Buying a car

Buying from a car trader

To find a reliable dealer, ask for recommendations from friends. You can also look for a trade association sign which should mean the dealer follows a code of practice. Check with the trade association to confirm that the dealer is a member.

Your rights when buying from a car dealer

When you buy from a dealer a car must be of satisfactory quality. This means that it must meet the standard a reasonable person would regard as satisfactory, bearing in mind the age, the history, the mileage, the intended usage of the car and any other relevant circumstances. It is not sufficient that a car is merely roadworthy and safe.

It must be as described. This covers all statements made about the car, whether in writing or in a conversation. If the advert states 'air conditioning and CD player', then the car should have them and they should be working.

The dealer may be liable for faults that were present at the time of sale, even though they may only become apparent later on.

These rights are not affected by any mechanical breakdown insurance, which is often sold by dealers if the manufacturer's warranty has run out, guarantee or warranty giving additional protection.

Some dealers may use disclaimers such as 'Sold as Seen', 'Trade Sale Only' or 'No Refund' to try and limit your rights. However, these rights cannot be taken away or restricted by a dealer.

Warranties and guarantees

Warranties and guarantees provide a way for you to have faults corrected at little or no cost. They are in addition to your statutory rights, not a substitute for them - so a dealer cannot refuse to consider your complaint about a fault or defect with a vehicle simply because the warranty has expired or the type of fault is specifically excluded.

Key elements of a warranty or guarantee should clearly be outlined prior to sale. For example, what is covered and excluded, claim limits and procedures, conditions that need to be followed in order for it to remain valid, etc.

Even a free warranty is legally binding and must state that it does not affect your legal rights. You should also be able to view it in writing before the purchase.

Buying privately

If you are want to buy from a private person look at GOV.UK (link opens in new window) for guidance on your civil rights.

Research the car

You should check the vehicle for mileage discrepancies, MOT history, if a vehicle has outstanding finance, is stolen or has been written off. Use the DVLA’s online vehicle enquiry service (link opens in new window) to check that the details you’ve been given match their records.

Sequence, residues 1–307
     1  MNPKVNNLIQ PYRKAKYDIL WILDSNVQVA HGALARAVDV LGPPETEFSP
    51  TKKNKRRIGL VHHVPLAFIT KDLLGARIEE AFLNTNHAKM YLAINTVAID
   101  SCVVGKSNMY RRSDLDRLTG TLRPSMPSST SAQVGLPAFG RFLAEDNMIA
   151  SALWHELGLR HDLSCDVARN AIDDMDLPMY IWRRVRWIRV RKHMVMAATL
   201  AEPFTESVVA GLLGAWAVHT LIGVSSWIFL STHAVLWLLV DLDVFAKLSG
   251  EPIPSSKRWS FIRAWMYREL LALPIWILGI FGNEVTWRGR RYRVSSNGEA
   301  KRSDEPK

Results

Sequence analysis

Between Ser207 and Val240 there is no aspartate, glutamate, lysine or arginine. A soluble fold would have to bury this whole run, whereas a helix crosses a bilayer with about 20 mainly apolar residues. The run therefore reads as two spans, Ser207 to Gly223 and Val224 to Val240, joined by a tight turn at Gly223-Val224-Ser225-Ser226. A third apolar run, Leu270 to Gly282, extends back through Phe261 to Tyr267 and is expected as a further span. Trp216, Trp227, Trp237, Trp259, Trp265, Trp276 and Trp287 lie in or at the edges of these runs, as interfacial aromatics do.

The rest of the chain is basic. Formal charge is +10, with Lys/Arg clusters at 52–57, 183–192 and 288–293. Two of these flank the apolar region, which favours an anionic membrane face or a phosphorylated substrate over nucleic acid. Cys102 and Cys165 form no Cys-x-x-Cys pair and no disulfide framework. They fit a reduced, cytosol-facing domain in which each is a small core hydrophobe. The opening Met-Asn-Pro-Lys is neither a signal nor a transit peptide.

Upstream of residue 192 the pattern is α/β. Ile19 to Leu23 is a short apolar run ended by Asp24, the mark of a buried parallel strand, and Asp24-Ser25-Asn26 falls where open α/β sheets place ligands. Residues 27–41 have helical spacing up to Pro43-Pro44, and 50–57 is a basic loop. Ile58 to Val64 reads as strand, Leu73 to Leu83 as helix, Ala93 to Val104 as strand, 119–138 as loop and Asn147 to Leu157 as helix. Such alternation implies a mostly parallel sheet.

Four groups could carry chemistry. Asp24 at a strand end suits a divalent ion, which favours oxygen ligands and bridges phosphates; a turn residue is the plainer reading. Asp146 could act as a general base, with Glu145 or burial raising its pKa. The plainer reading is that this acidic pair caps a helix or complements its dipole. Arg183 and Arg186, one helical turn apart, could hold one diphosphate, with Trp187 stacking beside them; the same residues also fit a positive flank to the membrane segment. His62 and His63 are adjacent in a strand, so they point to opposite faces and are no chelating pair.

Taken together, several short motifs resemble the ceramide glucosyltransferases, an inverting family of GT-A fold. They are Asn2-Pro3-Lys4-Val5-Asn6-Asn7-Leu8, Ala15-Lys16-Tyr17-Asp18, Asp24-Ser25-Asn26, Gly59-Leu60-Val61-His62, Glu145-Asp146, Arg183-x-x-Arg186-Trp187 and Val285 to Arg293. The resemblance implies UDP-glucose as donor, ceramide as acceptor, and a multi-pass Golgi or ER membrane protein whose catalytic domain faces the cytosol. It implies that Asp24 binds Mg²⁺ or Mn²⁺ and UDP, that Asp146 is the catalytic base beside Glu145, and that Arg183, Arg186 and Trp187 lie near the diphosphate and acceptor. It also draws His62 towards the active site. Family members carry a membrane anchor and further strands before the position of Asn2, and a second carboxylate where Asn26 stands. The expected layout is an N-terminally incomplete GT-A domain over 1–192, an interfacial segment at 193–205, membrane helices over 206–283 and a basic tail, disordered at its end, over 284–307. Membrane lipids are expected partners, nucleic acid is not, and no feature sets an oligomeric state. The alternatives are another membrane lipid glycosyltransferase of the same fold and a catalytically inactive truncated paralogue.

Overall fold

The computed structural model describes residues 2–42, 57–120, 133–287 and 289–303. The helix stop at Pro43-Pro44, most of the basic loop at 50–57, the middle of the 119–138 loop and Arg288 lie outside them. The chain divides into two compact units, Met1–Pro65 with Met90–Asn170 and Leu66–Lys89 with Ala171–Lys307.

Check the vehicle identification number (link opens in new window) and engine number. Make sure these match the details on the V5C vehicle registration certificate – often known as the log book.

If possible, get someone who knows what they are looking for to help you inspect a car. Consider using a qualified vehicle examiner. Examine the vehicle’s documents – logbook, service history and previous MOT certificates – and check the recorded mileages. You can check the vehicle’s MOT history free online at GOV.UK (link opens in new window).

Agreeing the deal

Don't be afraid to haggle. You may be able to get a bigger discount if you pay by cash, or if you arrange credit through the dealer.

Make sure you are being quoted the on-the-road price which includes VAT, number plates, delivery charges and road tax.

If you are part exchanging your old car, make sure you know what it is worth. You can check this online with a number of commercial sites.

Before you sign

Make sure you understand the conditions of sale, the trade -n price on your existing car and any finance agreement, including deposit terms and interest charges, monthly repayments and payment protection options on any finance deals. Don't be afraid to ask questions - examples include:

  • what mechanical, history and mileage checks have they done on the car you want to buy? Ask to see the results of these checks
  • how many former owners has the car had and is the full service history available?
  • has the car been modified from its original specification?
  • has the car previously been used for rental, as a taxi, or similar?
  • has the car previously been accident damaged?
  • what after-sales customer service does the dealer provide if there is a problem?